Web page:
Just as in the 49 other states, drivers who choose to drink and get behind the wheel place themselves and others on the road with them at an enormous risk of injury or death from an alcohol-related crash.
Drivers who get behind the wheel while they are impaired by alcohol or drugs create a serious hazard for people who they share the roads with in North Carolina. According to the Centers for Disease Control and Prevention, about 30 people are killed each day around the country in car accidents that involve a drunk driver. In a further showing of the magnitude of the problem, statistics from 2012 showed that almost one-third of all traffic-related fatalities in the United States that year involved an alcohol-impaired driver, and many of them were ages 14 and younger who were passengers in the vehicle with the impaired driver.
Drinking and driving should be a major concern for the people of North Carolina. The consequences of drunk driving are life-changing and expensive due to arrests, injuries, property damage and occasionally, loss of life.
A young man who stood accused of killing his 19-year-old friend in a drunk driving accident on a North Carolina roadway was recently found not guilty by a jury.
A Wilmington man who was convicted of driving while intoxicated after causing a 2012 accident had his conviction affirmed by the North Carolina Court of Appeals this month. The court handed down its opinion regarding the legality of drawing blood from suspected DWI offenders without their consent in cases of emergency without first obtaining a warrant.
A correspondent for NBC was at the 2014 US Open, and he was being driven around the course by another man on a golf cart. He had been dropped off near one of the tee areas when the driver decided to leave, and he passed a police officer on the way out, allegedly running over his foot.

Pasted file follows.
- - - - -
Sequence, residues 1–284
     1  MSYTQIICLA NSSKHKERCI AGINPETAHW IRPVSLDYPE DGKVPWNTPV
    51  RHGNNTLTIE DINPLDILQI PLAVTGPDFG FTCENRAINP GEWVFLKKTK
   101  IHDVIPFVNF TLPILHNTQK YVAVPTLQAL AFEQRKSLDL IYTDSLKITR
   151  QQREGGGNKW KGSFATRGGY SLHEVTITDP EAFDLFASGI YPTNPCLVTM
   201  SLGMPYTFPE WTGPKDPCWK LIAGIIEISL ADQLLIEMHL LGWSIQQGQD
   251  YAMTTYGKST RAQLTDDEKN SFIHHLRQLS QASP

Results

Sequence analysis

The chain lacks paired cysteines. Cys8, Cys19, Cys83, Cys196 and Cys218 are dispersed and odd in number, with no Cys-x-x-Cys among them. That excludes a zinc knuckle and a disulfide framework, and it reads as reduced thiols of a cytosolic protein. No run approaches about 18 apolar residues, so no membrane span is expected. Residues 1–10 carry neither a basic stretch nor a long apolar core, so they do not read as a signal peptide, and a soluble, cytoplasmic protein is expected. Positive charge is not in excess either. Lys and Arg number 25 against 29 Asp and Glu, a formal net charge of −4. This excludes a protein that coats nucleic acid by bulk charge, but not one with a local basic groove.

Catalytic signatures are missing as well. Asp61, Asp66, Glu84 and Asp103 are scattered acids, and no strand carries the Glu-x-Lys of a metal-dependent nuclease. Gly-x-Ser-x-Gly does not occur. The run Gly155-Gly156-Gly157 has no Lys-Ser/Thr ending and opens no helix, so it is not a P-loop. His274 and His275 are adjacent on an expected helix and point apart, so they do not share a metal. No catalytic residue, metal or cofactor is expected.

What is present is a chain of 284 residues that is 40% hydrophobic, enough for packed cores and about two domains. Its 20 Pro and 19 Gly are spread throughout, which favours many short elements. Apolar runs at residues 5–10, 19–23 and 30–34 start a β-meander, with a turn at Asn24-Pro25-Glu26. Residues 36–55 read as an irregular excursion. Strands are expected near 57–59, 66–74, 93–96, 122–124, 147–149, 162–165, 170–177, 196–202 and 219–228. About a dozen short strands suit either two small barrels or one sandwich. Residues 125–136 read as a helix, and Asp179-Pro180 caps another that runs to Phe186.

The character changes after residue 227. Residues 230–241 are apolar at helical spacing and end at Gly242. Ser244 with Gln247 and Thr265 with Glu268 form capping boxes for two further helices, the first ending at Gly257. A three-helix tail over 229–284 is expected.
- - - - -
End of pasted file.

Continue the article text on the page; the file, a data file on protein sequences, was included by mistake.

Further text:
A recent Saturday afternoon wreck killed one man and seriously injured his wife on Interstate 440, just short of the exit onto I-40 near Jones Franklin Road in Raleigh.
Driving while under the influence is a serious offense that puts the life and limb of other motorists and pedestrians at risk. A Fayetteville, North Carolina, woman who made the choice to drink and drive is learning this lesson the hard way.
Two people were injured in a three-car accident that took place a little past 10 p.m. on Oct. 26 near the I-40 interchange on NC-42. According to authorities, alcohol and speed were both factors in the car accident. A driver heading east on NC-42 ran a red light and hit another driver who was attempting to make a left turn onto NC-42 from the I-40 off ramp. He then hit another westbound car that was stopped at the same red light.
The North Carolina Court of Appeals has decided that a convicted felon will remain behind bars for killing two cyclists. The fatal accident occurred in 2011 when the driver of the car hit a man and his son as they were riding their bikes. The prosecution showed that he was under the influence of bath salts and alcohol at the time of the incident.